ARRL Cements Relationship with Federal Emergency Response Network

The ARRL has renewed a long-standing Memorandum of Agreement (MOA) with the Federal Emergency Management Agency (FEMA), which keeps amateur radio as part of the "response ecosystem" in FEMA's National Incident Management System (NIMS) Information and Communications Technology Functional Guidance document. According to the ARRL: Letter, the new MOA "emphasizes the importance of skilled amateur radio operators in times of crisis and the role of ARES (Amateur Radio Emergency Service) leadership within the emergency communications space."

The ARRL Letter also reports that the League has been invited to become a member association of SAFECOM, "a group of national thought leaders and officials within the emergency communications and response space that works to set (interoperability) standards at every level." SAFECOM is under the umbrella of the Department of Homeland Security's Cybersecurity and Infrastructure Security Agency, or CISA. ARRL Emergency Management Director Josh Johnston, KE5MHV, will be the League's representative on SAFECOM <>.

Cass Awards Go to SP9FIH and TY0RU

Six-time individual Cass Award
winner SP9FIH. (Photo from
Cass Award website)
In an effort to encourage DXpeditions to work as many different stations as possible (as opposed to working the same stations on multiple bands and modes), Club Log, DXLab and the Northern California DX Club jointly award the Cass Awards each year to the single-operator and group DXpeditions which have worked the greatest number of unique call signs.

The sponsors report that the 2022 single-op winner, for the sixth year in a row, is Janusz Wegryzn, SP9FIH, who worked 10,771 different stations from St. Barthelemy Island during a two-week one-person DXpedition as FJ/SP9FIH.

The unlimited class, or group DXpedition, award for 2022 went to the team that operated TY0RU from Benin last October, contacting 33,553 unique call signs, a new record for the unlimited Cass award.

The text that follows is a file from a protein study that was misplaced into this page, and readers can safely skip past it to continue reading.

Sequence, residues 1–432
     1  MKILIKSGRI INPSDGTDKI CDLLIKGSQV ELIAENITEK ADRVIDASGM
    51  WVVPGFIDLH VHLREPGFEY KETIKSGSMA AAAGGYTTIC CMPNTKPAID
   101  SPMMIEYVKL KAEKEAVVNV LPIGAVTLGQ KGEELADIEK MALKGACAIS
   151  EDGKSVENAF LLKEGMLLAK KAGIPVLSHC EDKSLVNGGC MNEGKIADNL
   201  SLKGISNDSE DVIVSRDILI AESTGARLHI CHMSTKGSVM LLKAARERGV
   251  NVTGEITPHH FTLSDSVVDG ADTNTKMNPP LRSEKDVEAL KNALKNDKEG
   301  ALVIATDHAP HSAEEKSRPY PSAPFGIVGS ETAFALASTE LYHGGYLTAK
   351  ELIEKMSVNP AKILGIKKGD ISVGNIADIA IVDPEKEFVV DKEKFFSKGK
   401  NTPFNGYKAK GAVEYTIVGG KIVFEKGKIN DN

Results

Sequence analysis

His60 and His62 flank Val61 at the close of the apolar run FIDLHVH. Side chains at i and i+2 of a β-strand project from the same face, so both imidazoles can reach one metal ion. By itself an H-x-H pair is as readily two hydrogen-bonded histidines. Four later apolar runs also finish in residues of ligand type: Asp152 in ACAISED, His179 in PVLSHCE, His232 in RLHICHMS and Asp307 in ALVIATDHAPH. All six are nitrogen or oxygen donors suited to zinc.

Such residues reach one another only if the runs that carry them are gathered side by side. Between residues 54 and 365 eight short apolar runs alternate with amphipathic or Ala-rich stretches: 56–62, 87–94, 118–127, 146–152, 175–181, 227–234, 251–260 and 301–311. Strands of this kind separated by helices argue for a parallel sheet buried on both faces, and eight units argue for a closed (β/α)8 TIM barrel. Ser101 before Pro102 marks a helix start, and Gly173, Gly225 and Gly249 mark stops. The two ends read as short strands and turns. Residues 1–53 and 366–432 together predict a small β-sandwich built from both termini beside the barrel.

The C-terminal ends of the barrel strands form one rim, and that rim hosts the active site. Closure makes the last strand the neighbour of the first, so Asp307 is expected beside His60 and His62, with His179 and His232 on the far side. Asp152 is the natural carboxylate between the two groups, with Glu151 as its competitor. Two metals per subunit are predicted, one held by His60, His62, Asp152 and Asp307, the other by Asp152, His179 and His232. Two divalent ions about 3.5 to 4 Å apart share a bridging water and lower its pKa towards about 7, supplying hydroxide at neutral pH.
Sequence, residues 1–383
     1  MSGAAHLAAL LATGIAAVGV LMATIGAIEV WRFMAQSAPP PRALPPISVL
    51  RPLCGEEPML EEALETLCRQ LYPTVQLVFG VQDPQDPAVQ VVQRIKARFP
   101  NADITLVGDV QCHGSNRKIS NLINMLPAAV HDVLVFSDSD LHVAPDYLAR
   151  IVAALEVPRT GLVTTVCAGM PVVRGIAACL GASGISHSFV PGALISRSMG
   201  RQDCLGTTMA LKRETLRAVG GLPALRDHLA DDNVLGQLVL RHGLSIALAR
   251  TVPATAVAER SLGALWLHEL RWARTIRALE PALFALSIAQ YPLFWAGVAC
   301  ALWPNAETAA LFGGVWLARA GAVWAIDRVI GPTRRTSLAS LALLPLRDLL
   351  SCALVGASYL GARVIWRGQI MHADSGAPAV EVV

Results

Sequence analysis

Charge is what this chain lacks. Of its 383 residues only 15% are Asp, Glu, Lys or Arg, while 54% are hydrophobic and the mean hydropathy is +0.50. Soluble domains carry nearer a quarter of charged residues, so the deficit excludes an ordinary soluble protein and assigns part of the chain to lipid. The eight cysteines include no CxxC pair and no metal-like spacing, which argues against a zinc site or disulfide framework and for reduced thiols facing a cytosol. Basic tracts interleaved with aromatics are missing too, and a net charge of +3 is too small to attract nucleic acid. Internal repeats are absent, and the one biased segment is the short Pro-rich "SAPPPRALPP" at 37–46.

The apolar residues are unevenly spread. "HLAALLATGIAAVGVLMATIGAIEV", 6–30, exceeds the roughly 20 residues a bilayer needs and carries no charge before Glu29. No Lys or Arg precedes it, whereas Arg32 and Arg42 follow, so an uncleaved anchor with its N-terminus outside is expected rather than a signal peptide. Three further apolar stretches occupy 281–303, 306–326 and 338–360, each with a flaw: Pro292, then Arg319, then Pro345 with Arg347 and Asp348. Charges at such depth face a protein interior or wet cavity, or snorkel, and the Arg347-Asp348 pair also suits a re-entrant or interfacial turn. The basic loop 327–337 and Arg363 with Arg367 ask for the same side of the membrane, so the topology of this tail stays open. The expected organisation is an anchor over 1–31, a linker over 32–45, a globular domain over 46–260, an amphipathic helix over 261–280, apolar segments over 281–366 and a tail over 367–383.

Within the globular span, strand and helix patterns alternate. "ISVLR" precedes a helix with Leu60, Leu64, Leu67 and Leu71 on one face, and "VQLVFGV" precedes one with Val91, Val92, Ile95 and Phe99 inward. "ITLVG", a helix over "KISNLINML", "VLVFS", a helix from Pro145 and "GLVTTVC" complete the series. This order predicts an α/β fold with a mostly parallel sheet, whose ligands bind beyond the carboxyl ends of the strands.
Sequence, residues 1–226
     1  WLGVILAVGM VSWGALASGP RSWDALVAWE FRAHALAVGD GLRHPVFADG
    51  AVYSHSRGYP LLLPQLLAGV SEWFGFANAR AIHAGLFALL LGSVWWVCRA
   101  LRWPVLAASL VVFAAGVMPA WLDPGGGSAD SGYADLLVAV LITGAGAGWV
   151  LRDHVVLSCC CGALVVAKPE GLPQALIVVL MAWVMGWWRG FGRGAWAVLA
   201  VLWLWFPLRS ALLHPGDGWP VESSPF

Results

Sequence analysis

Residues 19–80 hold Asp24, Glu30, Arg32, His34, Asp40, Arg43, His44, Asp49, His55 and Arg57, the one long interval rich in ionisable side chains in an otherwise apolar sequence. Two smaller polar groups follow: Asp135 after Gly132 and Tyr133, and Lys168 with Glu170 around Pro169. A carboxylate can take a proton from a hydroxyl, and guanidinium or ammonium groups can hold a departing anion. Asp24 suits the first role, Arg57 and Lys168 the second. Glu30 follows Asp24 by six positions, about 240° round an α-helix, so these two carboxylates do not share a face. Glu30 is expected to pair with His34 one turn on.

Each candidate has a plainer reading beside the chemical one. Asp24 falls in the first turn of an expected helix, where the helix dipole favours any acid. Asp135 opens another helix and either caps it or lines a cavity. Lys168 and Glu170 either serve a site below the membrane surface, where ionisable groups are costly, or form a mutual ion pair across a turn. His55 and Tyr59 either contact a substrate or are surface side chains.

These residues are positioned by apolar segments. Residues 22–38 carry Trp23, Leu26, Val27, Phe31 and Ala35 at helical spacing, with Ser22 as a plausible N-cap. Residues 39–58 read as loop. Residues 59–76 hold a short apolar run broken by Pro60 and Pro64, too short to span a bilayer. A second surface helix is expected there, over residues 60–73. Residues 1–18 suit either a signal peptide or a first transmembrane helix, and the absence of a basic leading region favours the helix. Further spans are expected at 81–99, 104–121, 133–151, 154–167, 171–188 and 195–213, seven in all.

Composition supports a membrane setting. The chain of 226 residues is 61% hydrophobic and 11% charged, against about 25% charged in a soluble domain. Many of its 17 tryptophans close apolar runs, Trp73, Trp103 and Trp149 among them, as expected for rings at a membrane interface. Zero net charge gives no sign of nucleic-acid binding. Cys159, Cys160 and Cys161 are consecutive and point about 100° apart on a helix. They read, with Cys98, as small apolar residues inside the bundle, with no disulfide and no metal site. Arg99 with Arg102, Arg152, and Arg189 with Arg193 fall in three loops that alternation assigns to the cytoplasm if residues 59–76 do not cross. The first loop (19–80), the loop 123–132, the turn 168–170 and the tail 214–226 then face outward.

The awards are named for the late Hugh Cassidy, WA6AUD, longtime publisher of the West Coast DX Bulletin. More information is available at <>.

California Ham Fined $24,000 for QRM

A ham in California has been hit with a $24,000 fine by the FCC for alleged interference with a net on 75 meters and failure to identify his station. 

The ARRL Letter reports that Philip J. Beaudet, N6PJB, of Burney, California, was cited for "willfully and repeatedly interfering with the radio communications of the Western Amateur Radio Friendship Association (WARFA) while it was attempting to hold a regularly scheduled net, and for failing to provide station identification on amateur radio frequencies." According to the report, FCC field agents monitored the transmission of recordings that caused interference and tracked the signals to Beaudet's home station.

Australian Government Gets Back Into the Ham Licensing Business

The Australian Communications and Media Authority – that country's telecommunications regulator – reportedly will resume direct licensing of amateur radio operators as of next February. 

According to the ARRL Letter, the agency had previously delegated amateur licensing to the Australian Maritime College, which decided not to renew the arrangement when it expires early next year. A corps of volunteer "assessors" (examiners) organized by the college will remain in place and will administer exams directly on behalf of the government.

Take Your Own Photos From Space?

A new satellite being developed by students at Stanford University will allow amateur radio operators to download specific photos taken by the satellite and, if all goes according to plan, direct the satellite to take a picture on command. Different modulation techniques for transmitting the images will be analyzed.

According to the AMSAT News Service, the Sapling Magnifica satellite's primary mission will be to prove several key technologies needed for future Stanford Student Space Initiative satellites to host scientific payloads. The International Amateur Radio Union has coordinated downlink frequencies of 437.400 and 2427.00 MHz. Launch is tentatively planned for later this year. More information is available at <>.